==

Better go to sleep huh?
Definitely go to sleep here :)
« Last Edit: 06/07/2011 05:26:10 by yor_on »
 

Offline Airthumbs

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The other Universe pulling on ours?
« Reply #9 on: 07/07/2011 02:00:26 »
Hey yor_on, I see what you are saying but it seems that for this to hold, new space-time coming into existence through the expansion of the universe would meed a memory of some sort to propagate the gravity curve you mention.  This would also support the theory that information can travel faster then c.

This would also mean if we have sensitive enough equipment we could measure the entire universe through gravitational modelling as we would not be relying on c.  It sounds a little bit like a gravitational wormhole through space-time.
 

Offline yor_on

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The other Universe pulling on ours?
« Reply #10 on: 07/07/2011 02:47:10 »
I don't know, you could think of 'space' as a topology, if you do that 'slope' is exactly the same as the slope you see outside your house (if you have a slope there of course:). That slope doesn't need any 'information' to keep its shape. You can also think of it in form of inflation that is said to have expanded FTL due to a 'scalar field' of some defined magnitude called e-folds.

Myself I think of it as a definition of a topology that come to be for some, to me unknown, reason. We could assume that there is no way to define a (measurable) length to a one dimensional particle, then we go up a step and decide that with a two dimensional particle we can assign a measurable length & width, but there will still be something missing to fit our universe, as for example its 'depth'. Imagine that one-dimensional entity, and then find a way to make it 3D? Or we could assume that it has to do with 'clocks', was there a clock at that inflatory stage? But then the expansion becomes doubtful as we now have a arrow. I like topology myself, and the question of what a 'distance' really is? It changes with motion, energy and mass. So you may not be able to change the clock into a 'ftl' but you sure as he* can change the room.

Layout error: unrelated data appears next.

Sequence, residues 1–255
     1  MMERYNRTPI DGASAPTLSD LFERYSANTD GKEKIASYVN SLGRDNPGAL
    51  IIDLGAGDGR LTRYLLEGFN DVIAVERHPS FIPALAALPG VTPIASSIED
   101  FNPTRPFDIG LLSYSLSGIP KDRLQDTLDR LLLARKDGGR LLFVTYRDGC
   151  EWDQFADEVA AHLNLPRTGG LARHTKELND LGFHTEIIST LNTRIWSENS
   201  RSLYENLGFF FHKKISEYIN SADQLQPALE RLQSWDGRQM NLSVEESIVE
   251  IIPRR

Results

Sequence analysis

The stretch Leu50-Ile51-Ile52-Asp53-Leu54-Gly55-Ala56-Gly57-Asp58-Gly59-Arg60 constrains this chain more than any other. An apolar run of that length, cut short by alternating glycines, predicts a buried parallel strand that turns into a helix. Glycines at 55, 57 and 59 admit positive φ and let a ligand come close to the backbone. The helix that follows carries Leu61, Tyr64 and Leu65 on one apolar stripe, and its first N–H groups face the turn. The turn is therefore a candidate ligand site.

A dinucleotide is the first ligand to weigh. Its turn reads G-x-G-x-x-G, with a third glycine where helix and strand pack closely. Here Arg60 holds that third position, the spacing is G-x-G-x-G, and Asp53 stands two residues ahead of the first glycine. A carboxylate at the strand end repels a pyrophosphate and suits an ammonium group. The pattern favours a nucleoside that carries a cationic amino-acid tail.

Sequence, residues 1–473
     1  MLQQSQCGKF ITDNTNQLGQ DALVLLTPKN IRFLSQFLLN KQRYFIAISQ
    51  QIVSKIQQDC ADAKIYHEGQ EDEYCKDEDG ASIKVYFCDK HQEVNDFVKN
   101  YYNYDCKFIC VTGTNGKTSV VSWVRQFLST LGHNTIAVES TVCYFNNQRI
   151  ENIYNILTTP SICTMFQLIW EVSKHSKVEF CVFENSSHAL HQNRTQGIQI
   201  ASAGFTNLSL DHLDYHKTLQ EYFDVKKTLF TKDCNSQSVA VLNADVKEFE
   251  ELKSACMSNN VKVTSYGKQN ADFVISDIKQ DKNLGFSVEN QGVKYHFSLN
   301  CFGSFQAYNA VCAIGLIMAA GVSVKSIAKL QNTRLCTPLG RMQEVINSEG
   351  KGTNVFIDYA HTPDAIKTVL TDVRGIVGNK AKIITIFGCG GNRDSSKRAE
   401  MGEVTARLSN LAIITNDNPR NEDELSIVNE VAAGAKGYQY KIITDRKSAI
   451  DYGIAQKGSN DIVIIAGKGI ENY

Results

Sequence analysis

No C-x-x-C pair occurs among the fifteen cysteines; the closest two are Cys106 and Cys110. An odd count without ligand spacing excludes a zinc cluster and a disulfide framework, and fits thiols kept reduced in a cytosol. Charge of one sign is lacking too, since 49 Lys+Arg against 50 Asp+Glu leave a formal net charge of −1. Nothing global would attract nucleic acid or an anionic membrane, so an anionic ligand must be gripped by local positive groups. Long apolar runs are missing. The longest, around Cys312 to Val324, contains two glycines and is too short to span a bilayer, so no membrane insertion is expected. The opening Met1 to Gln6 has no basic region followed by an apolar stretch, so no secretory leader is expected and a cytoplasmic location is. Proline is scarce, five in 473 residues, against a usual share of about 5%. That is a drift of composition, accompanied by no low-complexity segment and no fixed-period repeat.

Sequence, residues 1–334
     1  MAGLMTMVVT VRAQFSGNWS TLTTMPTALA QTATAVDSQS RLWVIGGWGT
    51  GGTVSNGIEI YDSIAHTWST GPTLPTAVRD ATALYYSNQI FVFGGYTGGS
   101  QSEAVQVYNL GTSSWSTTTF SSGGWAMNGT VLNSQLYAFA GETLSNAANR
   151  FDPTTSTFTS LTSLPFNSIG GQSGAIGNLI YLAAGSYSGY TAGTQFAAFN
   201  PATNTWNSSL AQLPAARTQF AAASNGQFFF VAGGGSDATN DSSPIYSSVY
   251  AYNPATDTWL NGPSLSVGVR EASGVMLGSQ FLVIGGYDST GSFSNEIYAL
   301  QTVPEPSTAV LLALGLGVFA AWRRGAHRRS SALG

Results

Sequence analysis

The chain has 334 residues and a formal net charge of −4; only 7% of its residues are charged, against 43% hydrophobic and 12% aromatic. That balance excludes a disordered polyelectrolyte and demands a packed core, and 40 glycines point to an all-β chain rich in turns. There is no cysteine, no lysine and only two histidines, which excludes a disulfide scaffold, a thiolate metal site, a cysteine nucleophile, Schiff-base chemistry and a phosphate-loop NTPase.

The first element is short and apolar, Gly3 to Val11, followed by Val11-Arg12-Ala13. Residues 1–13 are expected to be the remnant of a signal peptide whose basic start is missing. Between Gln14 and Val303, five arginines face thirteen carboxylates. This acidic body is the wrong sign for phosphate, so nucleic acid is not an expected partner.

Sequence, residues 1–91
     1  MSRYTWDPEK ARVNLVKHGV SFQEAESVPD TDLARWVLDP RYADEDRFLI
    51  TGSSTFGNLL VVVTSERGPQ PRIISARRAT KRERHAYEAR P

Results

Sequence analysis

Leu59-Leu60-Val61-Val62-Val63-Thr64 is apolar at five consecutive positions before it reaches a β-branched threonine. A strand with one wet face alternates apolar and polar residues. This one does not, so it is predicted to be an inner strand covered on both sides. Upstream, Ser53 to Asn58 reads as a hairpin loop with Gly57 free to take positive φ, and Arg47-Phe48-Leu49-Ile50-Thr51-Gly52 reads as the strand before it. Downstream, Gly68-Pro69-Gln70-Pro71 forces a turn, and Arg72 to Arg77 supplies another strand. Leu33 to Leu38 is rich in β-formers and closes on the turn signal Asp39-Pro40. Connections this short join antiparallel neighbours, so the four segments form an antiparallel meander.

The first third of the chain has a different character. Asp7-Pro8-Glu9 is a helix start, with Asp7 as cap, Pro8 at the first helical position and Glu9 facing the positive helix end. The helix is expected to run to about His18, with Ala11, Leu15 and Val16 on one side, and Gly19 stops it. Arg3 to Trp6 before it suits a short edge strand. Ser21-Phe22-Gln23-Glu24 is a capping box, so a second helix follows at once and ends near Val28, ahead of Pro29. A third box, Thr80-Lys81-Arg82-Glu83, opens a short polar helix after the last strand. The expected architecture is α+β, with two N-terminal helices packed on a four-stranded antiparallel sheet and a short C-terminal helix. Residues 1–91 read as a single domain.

==

And that 'clock' I define as 'c', that's also why you can't change it. But 'distance' is a very different thing. Have a great distance, split it in the middle and fill it in, now it has grown, repeat the procedure. As soon as the new 'fill up' has reached the length that you can place a filler more there let him too fill in the next split, as soon as his patch is big enough for two, hire another to place there waiting for the next (new) split from that new patch, ad infinitum. It grows very big, very fast, like that chess board and the guy that wanted only to double two rice corns, for each square on it. Now you got 'FTL' but it has nothing to do with 'speed', as in defining one thing to move 'FTL' over a surface. The problem with my description is that it should accelerate 1 2 4 8 16 32 64 128 256 1024 2048 ~ into infinity. So I don't know how it does it, restricting itself that is :)
=

Maybe that is what restricts the expansion :)That we have a 'clock' now?
« Last Edit: 07/07/2011 03:18:23 by yor_on »
 

Offline Soul Surfer

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The other Universe pulling on ours?
« Reply #11 on: 07/07/2011 08:05:21 »
One important fact that you must bear in mind is that all current models of the universe tend to assume that viewed on the largest scale the universe is homogenous and isotropic that is much the same everywhere you look.  This may well be a good approximation for what may be the tiny bit of the universe that we can see but as with the end of the "continuous creation" model my our discovery that the universe changes with time.  it seems highly probable that our universe does have some sort of overall structure which may be glimpsed by our increasingly accurate measurements.  It is logical therefore not to rush away and look immediately for other universes to account for  variations on the largest scale but consider what implications this may have for a structured universe.